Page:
This relationship is leading the way for further expansion and evolution, making us the preferred destination for company relocations in New Zealand. New Zealand's school system is known worldwide. Tauranga, one of the most sought-after places to stay, draws very high-level educators and has outstanding institutions of schooling.
Not only does ignorance enable further expansion of the business eco-system, it also provides the town with a place to land for new companies. Situated on the southwestern tip of North Island, it is New Zealand's main town and third in number. Wellington is a separate but interconnected region:
Wellington which is home to the CBD and about half the local people, the strongly Maori and Pacific island regions of Porirua and the predominantly suburbs of Lower and Upper Hutt. Like so often in the capitals, the Wellington economic capitals are governed by the regime, a position that has been further worsened in recent years by the relocation of many companies to Auckland.
As Wellington looks stunning with its imposing port and rugged coastline, be aware that the most southern capitol in the word is notorious for its cool, stormy breezes. There are imaginative Africans, a wealth of historical, scenic and resource-packed areas on the West Coast. It is the same things that have influenced its past and mankind that make the West Coast a provocative place to be.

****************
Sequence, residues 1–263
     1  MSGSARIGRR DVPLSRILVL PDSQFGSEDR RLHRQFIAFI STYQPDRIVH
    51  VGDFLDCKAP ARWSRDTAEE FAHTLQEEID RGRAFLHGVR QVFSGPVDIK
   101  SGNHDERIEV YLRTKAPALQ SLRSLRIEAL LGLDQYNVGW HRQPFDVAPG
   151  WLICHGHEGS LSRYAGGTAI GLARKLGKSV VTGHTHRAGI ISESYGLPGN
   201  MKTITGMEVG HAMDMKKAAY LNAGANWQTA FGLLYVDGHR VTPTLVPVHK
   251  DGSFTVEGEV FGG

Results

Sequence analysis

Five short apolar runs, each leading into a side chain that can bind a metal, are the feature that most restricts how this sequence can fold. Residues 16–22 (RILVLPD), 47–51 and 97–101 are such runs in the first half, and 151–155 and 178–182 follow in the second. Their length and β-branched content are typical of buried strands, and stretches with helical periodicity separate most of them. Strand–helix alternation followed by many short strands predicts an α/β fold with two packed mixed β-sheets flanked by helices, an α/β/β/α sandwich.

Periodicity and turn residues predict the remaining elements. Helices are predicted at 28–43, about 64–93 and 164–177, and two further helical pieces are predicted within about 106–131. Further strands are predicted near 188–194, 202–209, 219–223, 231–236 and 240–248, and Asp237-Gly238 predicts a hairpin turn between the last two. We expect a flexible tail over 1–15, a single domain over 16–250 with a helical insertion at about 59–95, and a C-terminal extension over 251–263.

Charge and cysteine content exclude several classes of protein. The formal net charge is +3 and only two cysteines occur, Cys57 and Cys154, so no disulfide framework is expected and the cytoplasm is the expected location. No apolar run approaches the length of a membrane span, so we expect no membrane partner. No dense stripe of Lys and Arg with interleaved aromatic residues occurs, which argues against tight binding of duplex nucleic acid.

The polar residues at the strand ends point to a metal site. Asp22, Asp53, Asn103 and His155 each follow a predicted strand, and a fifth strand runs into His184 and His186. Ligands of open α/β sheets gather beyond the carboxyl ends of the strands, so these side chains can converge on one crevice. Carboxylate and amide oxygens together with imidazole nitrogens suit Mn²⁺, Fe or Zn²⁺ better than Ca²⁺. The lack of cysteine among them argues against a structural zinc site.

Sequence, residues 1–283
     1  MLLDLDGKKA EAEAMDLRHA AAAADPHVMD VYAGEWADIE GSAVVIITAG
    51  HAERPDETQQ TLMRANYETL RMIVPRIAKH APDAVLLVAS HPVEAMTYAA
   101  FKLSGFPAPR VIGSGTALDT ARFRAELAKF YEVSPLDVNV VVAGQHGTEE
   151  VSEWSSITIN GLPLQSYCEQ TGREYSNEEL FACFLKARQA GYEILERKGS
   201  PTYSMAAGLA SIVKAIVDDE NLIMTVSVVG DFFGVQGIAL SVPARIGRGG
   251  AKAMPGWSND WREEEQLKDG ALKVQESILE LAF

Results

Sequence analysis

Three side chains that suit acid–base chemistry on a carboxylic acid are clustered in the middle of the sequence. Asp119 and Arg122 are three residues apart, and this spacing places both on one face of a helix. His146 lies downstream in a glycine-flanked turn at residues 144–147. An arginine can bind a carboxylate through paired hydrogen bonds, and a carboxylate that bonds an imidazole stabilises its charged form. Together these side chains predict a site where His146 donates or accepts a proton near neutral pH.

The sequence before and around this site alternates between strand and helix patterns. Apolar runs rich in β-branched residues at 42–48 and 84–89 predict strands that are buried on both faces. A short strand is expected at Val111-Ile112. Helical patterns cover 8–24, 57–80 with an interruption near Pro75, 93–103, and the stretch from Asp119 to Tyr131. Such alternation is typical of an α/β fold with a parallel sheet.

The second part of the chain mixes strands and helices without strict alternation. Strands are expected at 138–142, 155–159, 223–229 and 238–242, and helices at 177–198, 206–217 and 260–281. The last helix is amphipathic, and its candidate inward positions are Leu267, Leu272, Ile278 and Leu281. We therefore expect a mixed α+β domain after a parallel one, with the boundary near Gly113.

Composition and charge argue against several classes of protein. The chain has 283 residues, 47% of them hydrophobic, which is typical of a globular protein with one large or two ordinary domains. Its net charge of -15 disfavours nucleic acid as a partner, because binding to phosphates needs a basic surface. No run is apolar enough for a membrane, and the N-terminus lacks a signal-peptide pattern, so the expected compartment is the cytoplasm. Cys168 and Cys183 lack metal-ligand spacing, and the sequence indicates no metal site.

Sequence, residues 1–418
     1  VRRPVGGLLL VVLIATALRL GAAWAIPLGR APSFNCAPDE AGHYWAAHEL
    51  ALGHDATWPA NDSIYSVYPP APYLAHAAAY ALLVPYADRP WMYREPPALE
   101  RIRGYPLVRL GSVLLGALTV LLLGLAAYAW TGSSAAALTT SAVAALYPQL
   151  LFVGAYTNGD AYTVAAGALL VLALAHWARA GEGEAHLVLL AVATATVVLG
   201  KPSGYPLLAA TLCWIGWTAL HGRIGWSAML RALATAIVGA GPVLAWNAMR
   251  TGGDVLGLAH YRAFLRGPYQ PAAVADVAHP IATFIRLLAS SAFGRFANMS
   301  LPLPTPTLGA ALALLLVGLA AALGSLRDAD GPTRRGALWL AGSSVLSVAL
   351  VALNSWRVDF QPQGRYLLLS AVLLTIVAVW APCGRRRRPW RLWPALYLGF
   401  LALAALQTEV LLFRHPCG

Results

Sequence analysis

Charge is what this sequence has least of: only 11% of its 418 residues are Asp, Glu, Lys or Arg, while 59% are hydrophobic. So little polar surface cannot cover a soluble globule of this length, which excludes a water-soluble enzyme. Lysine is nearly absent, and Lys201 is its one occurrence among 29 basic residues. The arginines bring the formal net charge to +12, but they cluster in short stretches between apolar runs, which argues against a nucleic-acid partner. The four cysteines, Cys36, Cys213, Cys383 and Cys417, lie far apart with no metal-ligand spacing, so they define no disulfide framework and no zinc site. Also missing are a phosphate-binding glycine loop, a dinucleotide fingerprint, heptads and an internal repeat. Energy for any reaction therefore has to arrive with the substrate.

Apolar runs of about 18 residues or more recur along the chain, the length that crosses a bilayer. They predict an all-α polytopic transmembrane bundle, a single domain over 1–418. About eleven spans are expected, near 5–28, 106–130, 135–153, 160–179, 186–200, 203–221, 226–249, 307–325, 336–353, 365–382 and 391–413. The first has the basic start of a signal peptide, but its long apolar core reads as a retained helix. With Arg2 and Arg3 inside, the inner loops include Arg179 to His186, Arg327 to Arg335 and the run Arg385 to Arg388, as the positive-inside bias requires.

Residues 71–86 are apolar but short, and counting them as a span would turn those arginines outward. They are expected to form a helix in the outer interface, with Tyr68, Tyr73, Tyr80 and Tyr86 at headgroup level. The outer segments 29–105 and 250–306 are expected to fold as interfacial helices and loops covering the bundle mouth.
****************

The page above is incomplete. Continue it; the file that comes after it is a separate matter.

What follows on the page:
Tai Poutini or West Coast is 23,000 sq km or 8. 5% of New Zealand's total area. The longest area of New Zealand, it stretches more than 600 kilometers from Kahurangi Point in the northern to Awarua Point in the southern hemisphere. Geographical borders of the West Coast comprise the municipalities of Buller, Grey and Westland.
With 0.7 per cent of New Zealand's total inhabitants, the area is the least well-settled. Grau is the biggest area in the area with around 13,650 inhabitants, followed by Buller (10,350) and Westland (8,720). On the West Coast, the overall economic situation is at the lower end of the raw material cycle and in the midst of restructuring.
GDP and regional job creation are highly sector focused, with mineral, milk products, building and tourist industries accounting for over 50 per cent of production value and 40 per cent of work. In the long run, the area has held its own in these industries and recorded relatively high levels of economic expansion in the years 2000 to 2012, even after the onset of the worldwide economic war.